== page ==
Zimbabwe has also exhausted its Special Drawing Rights with the International Monetary Fund puncturing any hopes of securing any funding from the global fund. Zimbabwe is in dire need of Debt relief having failed to access funding from the World Bank which allocated US$2.1 billion to struggling third world countries, among which were African states such as the DRC.[1]

In September 2009, the International Monetary Fund said it had transferred around US$400 million in IMF special drawing rights to Zimbabwe under a US$250 billion global agreement to bolster the reserves of the IMF’s 186 member countries in the wake of the worldwide financial crisis. The IMF said, however, it would withhold another US$102 million of Zimbabwe’s allocation by placing it in escrow until the country had cleared its US$140 million IMF debt.

"The general SDR allocation of SDR 262 million (about $400 million) was deposited to Zimbabwe’s account with the IMF. There is no conditionality on the use of this allocation," an IMF spokesman said. "The special SDR allocation of SDR 66 million ($102 million) will be escrowed until Zimbabwe clears its arrears to the PRGF-ESF Trust," the spokesman added. The SDR, the IMF’s internal unit of account, was then made up of a basket of euro, yen, sterling and dollars and each country’s SDR allocation is based on the size of its IMF quota share, which is broadly calculated according to the size of the economy, trade and reserves.[2]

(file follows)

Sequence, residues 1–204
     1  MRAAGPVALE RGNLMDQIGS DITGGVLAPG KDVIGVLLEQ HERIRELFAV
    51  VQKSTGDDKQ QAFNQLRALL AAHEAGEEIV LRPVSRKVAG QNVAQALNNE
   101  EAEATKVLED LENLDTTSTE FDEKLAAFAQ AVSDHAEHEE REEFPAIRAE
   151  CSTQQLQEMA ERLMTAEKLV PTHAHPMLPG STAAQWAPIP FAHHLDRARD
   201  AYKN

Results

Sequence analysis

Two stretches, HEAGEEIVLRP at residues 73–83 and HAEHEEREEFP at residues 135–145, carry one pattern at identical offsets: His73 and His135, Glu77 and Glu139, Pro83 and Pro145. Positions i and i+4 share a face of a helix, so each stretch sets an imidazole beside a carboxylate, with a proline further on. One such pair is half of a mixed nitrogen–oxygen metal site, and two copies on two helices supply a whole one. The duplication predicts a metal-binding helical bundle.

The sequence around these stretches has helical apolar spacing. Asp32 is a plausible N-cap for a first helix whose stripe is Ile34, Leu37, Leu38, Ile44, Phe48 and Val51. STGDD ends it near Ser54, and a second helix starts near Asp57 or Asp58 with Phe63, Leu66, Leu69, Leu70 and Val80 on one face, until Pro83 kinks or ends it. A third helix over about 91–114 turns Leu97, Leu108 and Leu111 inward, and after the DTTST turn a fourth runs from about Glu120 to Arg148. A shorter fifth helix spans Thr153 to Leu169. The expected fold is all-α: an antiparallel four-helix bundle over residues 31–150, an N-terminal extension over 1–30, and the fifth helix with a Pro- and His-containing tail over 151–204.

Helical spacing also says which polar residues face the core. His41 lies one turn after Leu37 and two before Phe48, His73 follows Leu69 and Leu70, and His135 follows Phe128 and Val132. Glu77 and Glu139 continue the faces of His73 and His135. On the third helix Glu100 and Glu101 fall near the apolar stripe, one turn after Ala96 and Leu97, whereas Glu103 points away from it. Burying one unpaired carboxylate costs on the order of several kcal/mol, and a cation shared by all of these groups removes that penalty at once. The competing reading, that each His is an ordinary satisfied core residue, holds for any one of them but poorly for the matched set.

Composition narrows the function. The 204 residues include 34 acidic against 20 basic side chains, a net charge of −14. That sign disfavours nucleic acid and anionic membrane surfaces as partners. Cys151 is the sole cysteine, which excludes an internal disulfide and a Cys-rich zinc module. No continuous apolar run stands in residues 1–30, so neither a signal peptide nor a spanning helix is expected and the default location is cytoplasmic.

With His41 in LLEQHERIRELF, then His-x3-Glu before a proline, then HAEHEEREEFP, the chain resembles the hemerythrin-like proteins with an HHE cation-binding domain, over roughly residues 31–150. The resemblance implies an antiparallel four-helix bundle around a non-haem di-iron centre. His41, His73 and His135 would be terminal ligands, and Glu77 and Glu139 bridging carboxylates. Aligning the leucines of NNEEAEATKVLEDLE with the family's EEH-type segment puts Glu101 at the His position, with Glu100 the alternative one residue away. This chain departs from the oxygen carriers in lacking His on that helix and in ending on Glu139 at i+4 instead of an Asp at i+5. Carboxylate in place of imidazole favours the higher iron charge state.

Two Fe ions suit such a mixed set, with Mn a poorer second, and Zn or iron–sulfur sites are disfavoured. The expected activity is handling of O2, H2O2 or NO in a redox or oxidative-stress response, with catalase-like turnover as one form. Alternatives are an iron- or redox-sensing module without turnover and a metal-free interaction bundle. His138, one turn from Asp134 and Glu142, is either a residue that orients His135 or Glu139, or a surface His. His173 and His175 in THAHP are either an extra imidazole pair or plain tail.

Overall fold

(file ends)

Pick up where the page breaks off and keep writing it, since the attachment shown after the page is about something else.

In 2015 Zimbabwe maintained foreign exchange reserves of US$130 million from the US$500 million general Special Drawing Rights (SDR) released by the International Monetary Fund to cushion member countries from the global financial crisis more than six years ago. Under the SDR allocations the IMF injected more than US$280 billion to show up member countries’ foreign exchange reserves following a debilitating global financial crisis that wiped out countries’ reserves. Zimbabwe received about $512 million under the SDR allocations which was based on the country’s quota with the IMF. The quotas were based on the size of a country’s economy in relation to the global economy.[3]

Zimbabwe’s public and publicly guaranteed external debt stood at US$9.8 billion in 2019, according to IMF data. Zimbabwe used its SDR allocation to pay off its IMF debt in 2016. In 2009, the country had received US$400 million worth of SDRs from the IMF. Currently, Zimbabwe has a quota of SDR 707 million. While Zimbabwe has cleared its arrears with the IMF, the country as of 2019 still owed US$687 million to the AfDB, US$1.4 billion to the World Bank and US$322 million to the European Investment Bank. These arrears, under global lending rules, mean the country cannot qualify for new aid from any of the funds. Zimbabwe also owes other bilateral lenders.[4]


  1. Eben Mabunda, [1], Equity Axis, Published: 15 April, 2020, Accessed: 16 August, 2020
  2. MacDonald Dzirutwe, [2], Reuters, Published: 4 September, 2009, Accessed: 16 August, 2020
  3. [3], The Herald, Published: 27 August, 2015, Accessed: 16 August, 2020
  4. [4], newZWire, Published: 14 April, 2020, Accessed: 16 August, 2020